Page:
Red-veined Dropwing (Trithemis arteriosa)

The photo above (by Jaco Botes) can be viewed in OdonataMAP here.

Trithemis arteriosa, the Red-veined Dropwing is a dragonfly in the family Libellulidae.

Identification

Small size

Length up to 38mm; Wingspan reaches 60mm.

Males are readily identified in the field but may be confused with other small red or purplish dragonflies. Most similar to Trithemis pluvialis but that species is orange-red in colouration as opposed to bright red with a purple wash on the thorax.

Females are similar in appearance to several other small dragonfly females. However, they are easily identified by the distinctive black patterning on the abdomen.

Trithemis arteriosa – Male
Mkuze River, KwaZulu-Natal
Photo by Ryan Tippett
Trithemis arteriosa – Female
Ndumo Game Reserve, KwaZulu-Natal
Photo by Ryan Tippett

Habitat

Inhabits a wide range of natural and man-made water bodies, including rivers, streams, lakes, pans, dams, concrete reservoirs, swimming pools and animal drinking troughs. They prefer, but are not limited to, vegetated habitats and can be found at both still and running water. Trithemis arteriosa also makes use of temporary water bodies.

Habitat – Ngonweni, KwaZulu-Natal
Photo by Alex Briggs

Behaviour

Males are conspicuous at most water bodies, as they sit prominently on exposed perches over or near the water. A very active and restless species. Hunts from a perch and frequently returns to the same site after each foray to catch prey or to chase off rivas.

On the wing year round in warmer areas. Most numerous from October to January.

Status and Conservation

Very common, probably the most frequently encountered dragonfly in the region. Listed as of Least Concern in the IUCN Red List of Threatened Species. Trithemis arteriosa is a very adaptable species that readily makes use of degraded and man-made habitats.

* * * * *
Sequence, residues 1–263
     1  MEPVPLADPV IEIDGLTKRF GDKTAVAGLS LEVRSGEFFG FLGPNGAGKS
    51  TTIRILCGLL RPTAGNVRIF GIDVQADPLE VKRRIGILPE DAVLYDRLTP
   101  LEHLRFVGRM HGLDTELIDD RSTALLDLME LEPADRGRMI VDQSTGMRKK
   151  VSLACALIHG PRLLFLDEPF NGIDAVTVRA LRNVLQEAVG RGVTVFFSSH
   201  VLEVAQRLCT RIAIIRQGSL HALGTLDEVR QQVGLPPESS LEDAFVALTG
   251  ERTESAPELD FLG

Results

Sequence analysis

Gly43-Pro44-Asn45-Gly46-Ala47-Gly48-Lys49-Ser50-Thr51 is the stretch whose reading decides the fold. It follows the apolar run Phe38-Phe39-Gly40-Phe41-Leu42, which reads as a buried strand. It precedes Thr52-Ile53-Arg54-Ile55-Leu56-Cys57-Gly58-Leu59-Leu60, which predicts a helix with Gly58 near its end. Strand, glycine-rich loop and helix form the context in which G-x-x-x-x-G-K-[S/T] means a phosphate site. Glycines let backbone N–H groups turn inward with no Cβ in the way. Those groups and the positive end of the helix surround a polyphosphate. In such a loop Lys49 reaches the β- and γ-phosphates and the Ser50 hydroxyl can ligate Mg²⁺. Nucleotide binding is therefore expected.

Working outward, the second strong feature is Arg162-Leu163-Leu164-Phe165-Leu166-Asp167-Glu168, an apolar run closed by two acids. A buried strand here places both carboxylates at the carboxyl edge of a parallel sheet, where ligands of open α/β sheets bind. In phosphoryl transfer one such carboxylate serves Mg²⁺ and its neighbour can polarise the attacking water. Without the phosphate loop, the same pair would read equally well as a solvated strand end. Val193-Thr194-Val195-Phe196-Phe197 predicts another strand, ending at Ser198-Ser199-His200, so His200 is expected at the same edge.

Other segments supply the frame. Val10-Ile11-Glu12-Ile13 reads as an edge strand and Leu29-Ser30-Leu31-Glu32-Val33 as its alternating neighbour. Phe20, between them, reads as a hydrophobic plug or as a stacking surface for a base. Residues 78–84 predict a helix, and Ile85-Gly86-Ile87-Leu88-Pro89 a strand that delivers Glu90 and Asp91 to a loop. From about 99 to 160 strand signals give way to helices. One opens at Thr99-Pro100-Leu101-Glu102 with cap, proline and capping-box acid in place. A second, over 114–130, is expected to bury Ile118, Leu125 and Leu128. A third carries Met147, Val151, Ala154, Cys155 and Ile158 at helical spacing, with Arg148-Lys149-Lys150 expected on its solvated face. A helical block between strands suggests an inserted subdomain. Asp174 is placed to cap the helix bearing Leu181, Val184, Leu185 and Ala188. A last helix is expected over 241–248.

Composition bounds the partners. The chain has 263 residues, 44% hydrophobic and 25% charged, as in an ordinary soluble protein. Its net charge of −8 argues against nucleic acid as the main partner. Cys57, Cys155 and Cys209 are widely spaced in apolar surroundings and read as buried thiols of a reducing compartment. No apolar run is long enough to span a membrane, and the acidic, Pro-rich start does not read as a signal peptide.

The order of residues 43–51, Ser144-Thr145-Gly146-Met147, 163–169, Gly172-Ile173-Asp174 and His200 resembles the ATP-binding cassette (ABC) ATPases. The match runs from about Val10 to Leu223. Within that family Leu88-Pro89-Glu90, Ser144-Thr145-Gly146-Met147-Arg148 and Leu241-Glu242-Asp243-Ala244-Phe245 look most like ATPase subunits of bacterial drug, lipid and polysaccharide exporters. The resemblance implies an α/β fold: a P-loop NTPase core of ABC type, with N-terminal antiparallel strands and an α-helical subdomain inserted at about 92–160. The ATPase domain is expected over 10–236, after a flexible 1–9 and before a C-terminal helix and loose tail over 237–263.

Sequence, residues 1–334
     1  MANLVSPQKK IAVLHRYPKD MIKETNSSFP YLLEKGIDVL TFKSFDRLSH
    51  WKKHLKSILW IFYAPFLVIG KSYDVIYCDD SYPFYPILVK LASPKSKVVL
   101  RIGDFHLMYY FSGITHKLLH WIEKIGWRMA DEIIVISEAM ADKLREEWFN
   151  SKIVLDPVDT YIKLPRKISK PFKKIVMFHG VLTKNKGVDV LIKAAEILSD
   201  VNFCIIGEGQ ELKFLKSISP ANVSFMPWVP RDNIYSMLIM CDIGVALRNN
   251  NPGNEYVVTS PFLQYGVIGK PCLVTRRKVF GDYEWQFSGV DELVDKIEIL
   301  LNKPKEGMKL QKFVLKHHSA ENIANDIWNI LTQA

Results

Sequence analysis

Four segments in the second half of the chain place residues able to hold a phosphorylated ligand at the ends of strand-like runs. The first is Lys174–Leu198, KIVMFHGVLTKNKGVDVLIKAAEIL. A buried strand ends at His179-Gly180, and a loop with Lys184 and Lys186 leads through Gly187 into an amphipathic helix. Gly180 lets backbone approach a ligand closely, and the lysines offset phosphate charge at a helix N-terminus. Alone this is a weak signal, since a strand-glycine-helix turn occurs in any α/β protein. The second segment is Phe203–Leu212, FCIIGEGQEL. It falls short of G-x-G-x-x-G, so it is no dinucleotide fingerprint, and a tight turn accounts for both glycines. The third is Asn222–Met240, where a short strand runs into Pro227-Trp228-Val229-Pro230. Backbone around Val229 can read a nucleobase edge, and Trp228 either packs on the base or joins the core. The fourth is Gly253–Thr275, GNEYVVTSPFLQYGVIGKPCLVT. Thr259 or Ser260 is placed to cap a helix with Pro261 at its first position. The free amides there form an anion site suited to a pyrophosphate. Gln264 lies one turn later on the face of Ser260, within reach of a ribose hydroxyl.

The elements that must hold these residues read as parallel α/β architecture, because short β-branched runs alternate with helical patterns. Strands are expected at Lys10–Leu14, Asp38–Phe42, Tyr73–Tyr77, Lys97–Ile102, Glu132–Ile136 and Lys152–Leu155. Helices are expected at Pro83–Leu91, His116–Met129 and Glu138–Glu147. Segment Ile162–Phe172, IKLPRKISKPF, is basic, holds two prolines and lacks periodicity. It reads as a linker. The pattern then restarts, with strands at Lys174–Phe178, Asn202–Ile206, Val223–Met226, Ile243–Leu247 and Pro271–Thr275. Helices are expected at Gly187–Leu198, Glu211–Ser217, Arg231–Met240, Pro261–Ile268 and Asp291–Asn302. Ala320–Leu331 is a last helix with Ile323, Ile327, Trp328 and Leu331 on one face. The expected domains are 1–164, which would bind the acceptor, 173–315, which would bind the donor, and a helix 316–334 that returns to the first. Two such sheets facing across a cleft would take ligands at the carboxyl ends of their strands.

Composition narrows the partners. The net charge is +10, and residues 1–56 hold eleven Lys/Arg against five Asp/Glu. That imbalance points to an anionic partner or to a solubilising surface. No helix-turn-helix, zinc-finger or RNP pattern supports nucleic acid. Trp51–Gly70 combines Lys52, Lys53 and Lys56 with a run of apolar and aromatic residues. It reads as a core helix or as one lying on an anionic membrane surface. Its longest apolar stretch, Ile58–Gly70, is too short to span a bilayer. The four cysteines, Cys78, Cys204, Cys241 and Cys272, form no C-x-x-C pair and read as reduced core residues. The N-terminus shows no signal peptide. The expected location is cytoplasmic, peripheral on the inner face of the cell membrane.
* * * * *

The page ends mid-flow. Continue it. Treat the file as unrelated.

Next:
Distribution

Very widespread and found virtually throughout Africa, including some of the driest regions. Also occurs around the Mediteranean and parts of the Middle East.

Below is a map showing the distribution of records for Red-veined Dropwing in the OdonataMAP database as at February 2020.

The next map below is an imputed map, produced by an interpolation algorithm, which attempts to generate a full distribution map from the partial information in the map above. This map will be improved by the submission of records to the OdonataMAP section of the Virtual Museum.

Ultimately, we will produce a series of maps for all the odonata species in the region. The current algorithm is a new algorithm. The objective is mainly to produce “smoothed” maps that could go into a field guide for odonata. This basic version of the algorithm (as mapped above) does not make use of “explanatory variables” (e.g. altitude, terrain roughness, presence of freshwater — we will be producing maps that take these variables into account soon). Currently, it only makes use of the OdonataMAP records for the species being mapped, as well as all the other records of all other species. The basic maps are “optimistic” and will generally show ranges to be larger than what they probably are.

These maps use the data in the OdonataMAP section of the Virtual Museum, and also the database assembled by the previous JRS funded project, which was led by Professor Michael Samways and Dr KD Dijkstra.

Dragonfly Atlas: Megan Loftie-Eaton, Sally Hofmeyr, Ryan Tippett & Les Underhill
Dragonfly Atlas: Megan Loftie-Eaton, Sally Hofmeyr, Ryan Tippett & Les Underhill
Megan Loftie-Eaton is our communications, social media and citizen science coordinator. Prior to her work for the BDI, she coordinated OdonataMAP, the Atlas of African Odonata. Sally Hofmeyr has many years' experience in the academic world, writing her own material and editing the work of others. Her academic background is in the natural sciences: her PhD and first postdoc in ornithology and environmental change (Animal Demography Unit, University of Cape Town). Ryan Tippett is an enthusiastic contributor to Citizen Science and has added many important and interesting records of fauna and flora. He has been a member of the VMU since 2014 and has currently submitted over 11000 records. He is also on the expert identification panel for the Odonata Map project. Prof Les Underhill has been Director of the Animal Demography Unit (ADU) at the University of Cape Town since it started in 1991. Although citizen science in biology is Les’s passion, his academic background is in mathematical statistics.